Creating Engaging Videos for Online Learning

Notes from the session Lights, Camera, Action: Engaging Video for Learning at the Emerging Technologies for Online Learning by Tawnya Means and Sarah Bleakney University of Florida.

Creating engaging videos for online learning takes much preperation from both faculty and instructional designers. Faculty must develop their course in chunks with shorter videos (not less content!). By developing shorter, engaging, and a variety of videos students are able to become more engaged in the course content. This also allows faculty to quickly and easily substitute out videos for more up-to-date and relevant content.

Why Use Video?

  • introduce students to a course’s instructor
  • demonstrate how to navigate
  • highlight the content and purpose of a particular course
  • overview or provide focus for a particular learning module *explain how to complete a course-related activity
  • add graphics and animations to an audio description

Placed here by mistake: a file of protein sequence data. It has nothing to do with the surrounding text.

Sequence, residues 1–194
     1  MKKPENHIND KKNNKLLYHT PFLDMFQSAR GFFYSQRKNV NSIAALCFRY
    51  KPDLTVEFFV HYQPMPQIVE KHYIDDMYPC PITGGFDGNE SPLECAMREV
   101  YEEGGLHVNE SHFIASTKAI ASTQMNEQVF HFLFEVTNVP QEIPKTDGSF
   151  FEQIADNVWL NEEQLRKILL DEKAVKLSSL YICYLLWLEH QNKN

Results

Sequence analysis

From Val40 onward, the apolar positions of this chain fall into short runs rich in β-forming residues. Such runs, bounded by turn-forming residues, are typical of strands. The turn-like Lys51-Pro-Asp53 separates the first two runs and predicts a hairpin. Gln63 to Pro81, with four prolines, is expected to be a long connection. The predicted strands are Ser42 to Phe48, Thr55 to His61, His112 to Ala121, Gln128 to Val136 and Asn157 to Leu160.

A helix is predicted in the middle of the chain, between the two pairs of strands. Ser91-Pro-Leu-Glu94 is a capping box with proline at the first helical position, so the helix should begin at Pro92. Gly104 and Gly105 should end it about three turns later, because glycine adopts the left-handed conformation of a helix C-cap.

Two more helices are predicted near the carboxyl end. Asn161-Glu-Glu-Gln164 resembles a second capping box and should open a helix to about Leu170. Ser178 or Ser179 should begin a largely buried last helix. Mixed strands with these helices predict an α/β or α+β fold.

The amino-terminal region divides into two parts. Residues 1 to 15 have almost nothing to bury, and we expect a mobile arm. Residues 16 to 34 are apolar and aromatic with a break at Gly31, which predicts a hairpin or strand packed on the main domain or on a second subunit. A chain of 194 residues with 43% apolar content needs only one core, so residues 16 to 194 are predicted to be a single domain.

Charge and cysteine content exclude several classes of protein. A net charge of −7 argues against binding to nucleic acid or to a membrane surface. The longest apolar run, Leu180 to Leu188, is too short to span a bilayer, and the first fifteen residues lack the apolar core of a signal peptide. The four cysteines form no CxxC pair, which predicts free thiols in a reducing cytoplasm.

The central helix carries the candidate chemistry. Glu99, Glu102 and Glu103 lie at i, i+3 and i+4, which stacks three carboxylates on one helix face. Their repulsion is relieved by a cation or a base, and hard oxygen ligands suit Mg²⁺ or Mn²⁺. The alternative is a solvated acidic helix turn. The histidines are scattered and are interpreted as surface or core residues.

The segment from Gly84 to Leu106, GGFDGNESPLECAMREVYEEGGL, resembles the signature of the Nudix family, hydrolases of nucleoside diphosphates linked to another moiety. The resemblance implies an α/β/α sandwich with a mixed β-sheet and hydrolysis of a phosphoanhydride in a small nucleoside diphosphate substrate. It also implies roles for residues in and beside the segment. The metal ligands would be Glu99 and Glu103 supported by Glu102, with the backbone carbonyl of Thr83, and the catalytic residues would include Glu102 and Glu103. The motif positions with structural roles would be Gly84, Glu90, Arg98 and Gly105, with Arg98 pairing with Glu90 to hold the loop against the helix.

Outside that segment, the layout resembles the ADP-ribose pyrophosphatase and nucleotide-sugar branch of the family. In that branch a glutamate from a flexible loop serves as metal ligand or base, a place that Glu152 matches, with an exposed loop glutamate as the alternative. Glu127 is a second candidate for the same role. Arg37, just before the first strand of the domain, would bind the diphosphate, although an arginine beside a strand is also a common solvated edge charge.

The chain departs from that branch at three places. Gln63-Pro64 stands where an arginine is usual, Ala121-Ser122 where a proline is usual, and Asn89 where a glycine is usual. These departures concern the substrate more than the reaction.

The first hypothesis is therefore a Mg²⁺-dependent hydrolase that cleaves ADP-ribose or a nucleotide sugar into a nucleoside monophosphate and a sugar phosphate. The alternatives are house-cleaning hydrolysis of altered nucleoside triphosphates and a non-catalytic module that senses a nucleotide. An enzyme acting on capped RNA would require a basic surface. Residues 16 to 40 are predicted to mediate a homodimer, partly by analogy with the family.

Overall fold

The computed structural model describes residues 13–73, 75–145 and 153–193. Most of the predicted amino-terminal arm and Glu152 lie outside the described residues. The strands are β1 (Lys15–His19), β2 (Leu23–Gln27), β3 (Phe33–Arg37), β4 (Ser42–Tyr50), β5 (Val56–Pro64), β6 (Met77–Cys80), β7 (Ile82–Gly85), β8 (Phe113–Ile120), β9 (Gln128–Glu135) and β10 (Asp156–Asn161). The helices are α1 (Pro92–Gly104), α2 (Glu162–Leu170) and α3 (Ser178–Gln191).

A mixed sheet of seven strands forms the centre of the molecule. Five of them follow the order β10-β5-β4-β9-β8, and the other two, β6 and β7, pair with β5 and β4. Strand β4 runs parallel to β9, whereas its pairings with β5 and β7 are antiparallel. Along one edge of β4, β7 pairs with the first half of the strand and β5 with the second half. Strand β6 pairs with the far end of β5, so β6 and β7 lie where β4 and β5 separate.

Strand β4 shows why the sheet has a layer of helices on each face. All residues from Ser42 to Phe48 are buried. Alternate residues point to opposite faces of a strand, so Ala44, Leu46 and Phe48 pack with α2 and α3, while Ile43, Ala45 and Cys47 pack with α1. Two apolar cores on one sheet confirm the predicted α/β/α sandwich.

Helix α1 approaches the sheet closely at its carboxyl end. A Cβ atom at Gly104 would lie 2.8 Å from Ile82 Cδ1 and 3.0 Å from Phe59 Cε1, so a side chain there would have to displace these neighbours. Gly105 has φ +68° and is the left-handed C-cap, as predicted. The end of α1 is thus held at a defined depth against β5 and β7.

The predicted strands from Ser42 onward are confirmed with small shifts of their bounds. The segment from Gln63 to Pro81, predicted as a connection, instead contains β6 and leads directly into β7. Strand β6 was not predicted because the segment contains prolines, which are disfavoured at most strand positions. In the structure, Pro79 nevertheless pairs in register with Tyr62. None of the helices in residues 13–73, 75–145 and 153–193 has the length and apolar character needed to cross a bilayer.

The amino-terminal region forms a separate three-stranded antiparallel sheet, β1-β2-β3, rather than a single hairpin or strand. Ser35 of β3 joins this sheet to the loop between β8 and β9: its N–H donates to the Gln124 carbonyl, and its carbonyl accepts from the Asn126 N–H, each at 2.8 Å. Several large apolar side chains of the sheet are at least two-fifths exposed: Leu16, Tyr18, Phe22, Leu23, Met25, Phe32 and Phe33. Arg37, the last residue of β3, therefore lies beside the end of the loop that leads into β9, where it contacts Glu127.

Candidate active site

• provide fresh and timely updates to a course
  • connect personally to students

1. Preperation

  • Plan the framework:

    • Read, watch, do
  • Prepare the Materials

    • Studio videos
    • Any other videos
    • Activities (mix it up and allow for choices)

A conversational style vieo increases engagement

2. Content

  • Keep it short
  • Make it interesting
  • Keep it focused
  • Make it varied


  • We get used to what is going on around us and start to tune it out
  • Our modern brains have increased their threshold
  • Plan for frequency of cuts”
  • Use short bits and make meaningful changes to activity level

Length of Videos

  • Optimal is 6–9 minutes or shorter
  • ~150 videos over 16 weeks
  • Average of 3 minutes each


Use a variety of recording methods to capture content such as voice overs, screencasts, on camera, and more.

3. Student Activity

  • required for internalization of learning

  • goal is application

  • leverage multiple channels

    • video type variety
  • words and pictures foster meaningful learning

    • simultaneously reinforce each other
    • reduce cognitive load

Provide Alternatives

  1. Activity otions
  2. Clear instructions

Benefits for alternatives:

  • bring to life dry concepts and make them real, tangible, and understandable
  • bring experts to the course on a more convenient schedule
  • deliver in-depth and focused instructions
  • wide ranging variety of course materials
  • personalize the learning experience
  • keep student attention
  • flexibility and choice
  • engage students
  • reusable

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